NMCB 1 Seabee Commissioned a Chief Warrant Officer

Story and photo by MCC(SCW/SW/AW) Ryan G. Wilber, NCBC Public Affairs

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Lt. Cmdr. Michael Carr (right), NMCB 1, administers the Oath of Office to SWC KaJuna Strickland. Strickland was commissioned a Chief Warrant Officer (CWO) 2 during a ceremony held at the Seabee Memorial Chapel on board NCBC Gulfport.

Chief Steelworker (SCW/EXW/IDW/SW) KaJuna Strickland, assigned to Naval Mobile Construction Battalion (NMCB) 1, was commissioned a Chief Warrant Officer (CWO) 2 during a ceremony held at the Seabee Memorial Chapel on board NCBC Gulfport, Sept. 20.

The Wetumpka, Ala. native and father of two was the only Steelworker selected for Chief during fiscal year 2012 (FY-12), and he was the only Civil Engineer Corps (CEC) Warrant Officer selected for FY-14. CWO2 Christen Allgood, assigned to NMCB 133 and guest speaker for the ceremony said some people say they would rather be lucky than good, but claimed this does not apply when it comes to Strickland.

“Luck has nothing to do with it,” said Allgood. “He’s just that good.”

Rising through the steelworker ranks, with just under 13 years in service and ten deployments completed, Strickland was selected for chief petty officer, but still felt as if he had not experienced all the Navy had to offer.

“I love the Navy,” said Strickland. “I wanted to experience all aspects of being in the Navy. I wanted to experience from being a troop on up to being a chief petty officer to being an officer to doing pretty much everything I could do in the Navy.”

Strickland said he was quite surprised to be selected, applicants historically not being selected on their first submission, and this year being his first application. But, he also said he was honored to be the only one selected, and hopes to do well for the Navy and his gaining command.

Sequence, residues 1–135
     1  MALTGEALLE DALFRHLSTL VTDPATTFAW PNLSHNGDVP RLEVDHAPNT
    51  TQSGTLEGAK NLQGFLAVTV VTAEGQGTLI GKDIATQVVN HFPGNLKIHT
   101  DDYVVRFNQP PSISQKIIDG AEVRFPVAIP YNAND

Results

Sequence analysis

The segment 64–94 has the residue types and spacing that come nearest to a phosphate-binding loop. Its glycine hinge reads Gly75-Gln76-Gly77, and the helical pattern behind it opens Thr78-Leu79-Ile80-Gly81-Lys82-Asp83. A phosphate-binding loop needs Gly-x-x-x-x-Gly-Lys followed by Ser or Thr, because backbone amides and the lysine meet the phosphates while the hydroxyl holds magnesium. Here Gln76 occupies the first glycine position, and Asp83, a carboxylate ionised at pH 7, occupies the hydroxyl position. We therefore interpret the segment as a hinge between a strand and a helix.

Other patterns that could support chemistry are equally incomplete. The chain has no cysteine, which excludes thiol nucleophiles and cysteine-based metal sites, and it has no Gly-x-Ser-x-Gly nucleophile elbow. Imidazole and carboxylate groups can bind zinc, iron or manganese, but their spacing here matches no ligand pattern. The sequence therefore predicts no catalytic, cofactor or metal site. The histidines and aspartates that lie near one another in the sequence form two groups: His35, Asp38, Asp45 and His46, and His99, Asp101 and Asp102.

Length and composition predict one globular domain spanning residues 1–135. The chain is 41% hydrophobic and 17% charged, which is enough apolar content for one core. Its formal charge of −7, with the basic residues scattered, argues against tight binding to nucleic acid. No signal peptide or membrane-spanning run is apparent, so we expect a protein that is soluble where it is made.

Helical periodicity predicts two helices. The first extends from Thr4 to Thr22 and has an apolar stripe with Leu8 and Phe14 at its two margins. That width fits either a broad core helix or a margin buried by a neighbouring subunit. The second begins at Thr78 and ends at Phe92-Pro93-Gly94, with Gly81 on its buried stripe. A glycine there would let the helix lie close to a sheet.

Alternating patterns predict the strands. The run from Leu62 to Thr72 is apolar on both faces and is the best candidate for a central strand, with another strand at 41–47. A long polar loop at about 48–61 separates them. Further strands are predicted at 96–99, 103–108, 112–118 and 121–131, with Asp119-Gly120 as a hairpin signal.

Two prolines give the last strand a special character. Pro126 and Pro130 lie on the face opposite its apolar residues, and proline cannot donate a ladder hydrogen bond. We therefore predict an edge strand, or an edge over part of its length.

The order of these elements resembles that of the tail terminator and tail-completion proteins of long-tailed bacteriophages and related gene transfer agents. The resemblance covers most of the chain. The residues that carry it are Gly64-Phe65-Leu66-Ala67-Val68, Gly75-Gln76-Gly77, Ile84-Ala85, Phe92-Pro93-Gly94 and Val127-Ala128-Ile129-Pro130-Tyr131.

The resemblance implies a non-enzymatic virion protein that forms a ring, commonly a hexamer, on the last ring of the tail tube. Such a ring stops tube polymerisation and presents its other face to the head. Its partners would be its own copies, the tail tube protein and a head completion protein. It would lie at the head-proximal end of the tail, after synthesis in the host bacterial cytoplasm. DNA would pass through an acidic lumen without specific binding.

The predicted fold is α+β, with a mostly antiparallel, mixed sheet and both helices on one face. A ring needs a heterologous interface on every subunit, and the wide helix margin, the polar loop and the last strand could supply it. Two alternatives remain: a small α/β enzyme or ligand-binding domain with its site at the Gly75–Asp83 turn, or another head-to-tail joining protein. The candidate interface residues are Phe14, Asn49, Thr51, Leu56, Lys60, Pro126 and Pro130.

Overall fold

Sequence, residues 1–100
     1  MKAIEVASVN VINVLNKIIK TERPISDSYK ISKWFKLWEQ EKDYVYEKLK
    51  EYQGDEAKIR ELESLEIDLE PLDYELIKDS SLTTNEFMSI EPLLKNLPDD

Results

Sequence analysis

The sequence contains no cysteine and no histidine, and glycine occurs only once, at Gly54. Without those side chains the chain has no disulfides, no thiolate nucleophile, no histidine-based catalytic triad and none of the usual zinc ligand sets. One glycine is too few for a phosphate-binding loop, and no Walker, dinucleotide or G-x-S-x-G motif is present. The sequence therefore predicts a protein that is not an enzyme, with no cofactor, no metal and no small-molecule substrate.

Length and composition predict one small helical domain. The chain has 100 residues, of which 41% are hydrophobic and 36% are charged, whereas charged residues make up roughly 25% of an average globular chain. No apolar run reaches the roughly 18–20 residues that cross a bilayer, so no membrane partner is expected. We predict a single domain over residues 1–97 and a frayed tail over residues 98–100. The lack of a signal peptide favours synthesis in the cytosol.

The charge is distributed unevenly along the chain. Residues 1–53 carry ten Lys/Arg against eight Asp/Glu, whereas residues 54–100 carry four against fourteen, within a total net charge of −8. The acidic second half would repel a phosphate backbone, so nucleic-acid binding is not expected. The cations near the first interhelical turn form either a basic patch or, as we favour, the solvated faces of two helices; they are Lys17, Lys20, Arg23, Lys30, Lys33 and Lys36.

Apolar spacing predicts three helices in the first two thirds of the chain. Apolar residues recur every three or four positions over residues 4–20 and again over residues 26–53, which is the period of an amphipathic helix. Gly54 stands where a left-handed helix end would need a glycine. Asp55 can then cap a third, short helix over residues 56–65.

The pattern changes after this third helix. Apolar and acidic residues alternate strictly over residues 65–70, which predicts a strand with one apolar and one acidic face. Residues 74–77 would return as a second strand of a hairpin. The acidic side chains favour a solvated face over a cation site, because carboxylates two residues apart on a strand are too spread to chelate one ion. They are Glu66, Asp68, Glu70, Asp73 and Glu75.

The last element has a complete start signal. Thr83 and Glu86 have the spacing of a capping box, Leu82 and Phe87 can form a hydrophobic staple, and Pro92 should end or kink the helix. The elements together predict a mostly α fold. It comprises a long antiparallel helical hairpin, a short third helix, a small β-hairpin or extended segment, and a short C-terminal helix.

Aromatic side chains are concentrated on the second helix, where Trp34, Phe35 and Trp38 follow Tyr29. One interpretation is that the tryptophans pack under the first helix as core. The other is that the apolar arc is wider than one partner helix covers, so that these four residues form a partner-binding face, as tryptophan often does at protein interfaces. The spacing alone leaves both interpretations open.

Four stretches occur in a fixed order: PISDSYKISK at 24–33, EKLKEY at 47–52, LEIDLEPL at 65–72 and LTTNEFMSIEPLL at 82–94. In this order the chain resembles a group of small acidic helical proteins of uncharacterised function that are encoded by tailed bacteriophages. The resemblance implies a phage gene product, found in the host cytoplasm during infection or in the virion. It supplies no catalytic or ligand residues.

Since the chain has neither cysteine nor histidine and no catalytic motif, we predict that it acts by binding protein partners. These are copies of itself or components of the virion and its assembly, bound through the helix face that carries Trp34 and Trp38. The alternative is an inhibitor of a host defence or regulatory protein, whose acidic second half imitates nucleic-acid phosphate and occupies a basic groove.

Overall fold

“It’s amazing, shocking for the last one to get picked up to be me,” said Strickland. “I was shocked that I even got selected anyway. I’m excited about it. I just hope I can do a great job to make sure that their selection for the potential last one was a good selection.”

Cmdr. Chad Brooks, commanding officer (CO), NMCB 1, jokingly reminded Strickland that he may very well be the most junior CEC warrant officer for the rest of his career, but also praised CWOs for their role in the command and wardroom, as well as Strickland’s qualifications for joining their ranks. He said Strickland has his trust as a CO to guide both present and future Seabees as he continues his career.

“We all understand the wisdom, experience and frankly, the candor that a chief warrant officer brings to any wardroom,” said Brooks. “Chief warrant officers are trusted advisors to commanding officers and mentors to other junior officers in the unit. They have walked a mile in our Sailors’ shoes, and ensure we remain focused on the most important aspects of our profession of leadership. Chief Strickland exemplifies the high standards rightfully expected of naval officers, and will continue to shape both the future of our force and the lives of our Seabees for many years.”

In a message to the Chief of Personnel, Rear Adm. Katherine Gregory, commander, Naval Facilities Command (NAVFAC) and chief of civil engineers, proposed the disestablishment of the CWO program due to recent billet cuts within the Navy’s CEC, but said she will not submit a formal disestablishment package for three years in order to study the effects of the proposed change.

“This [waiting to submit a formal package] allows time to evaluate any unintended consequences of this change and make course corrections if necessary,” said Gregory in the memo.

Strickland will attend Officer Indoctrination School in Newport, R.I., before reporting to NMCB 133 for his first tour of duty as a naval officer.

Read more Seabee stories here.


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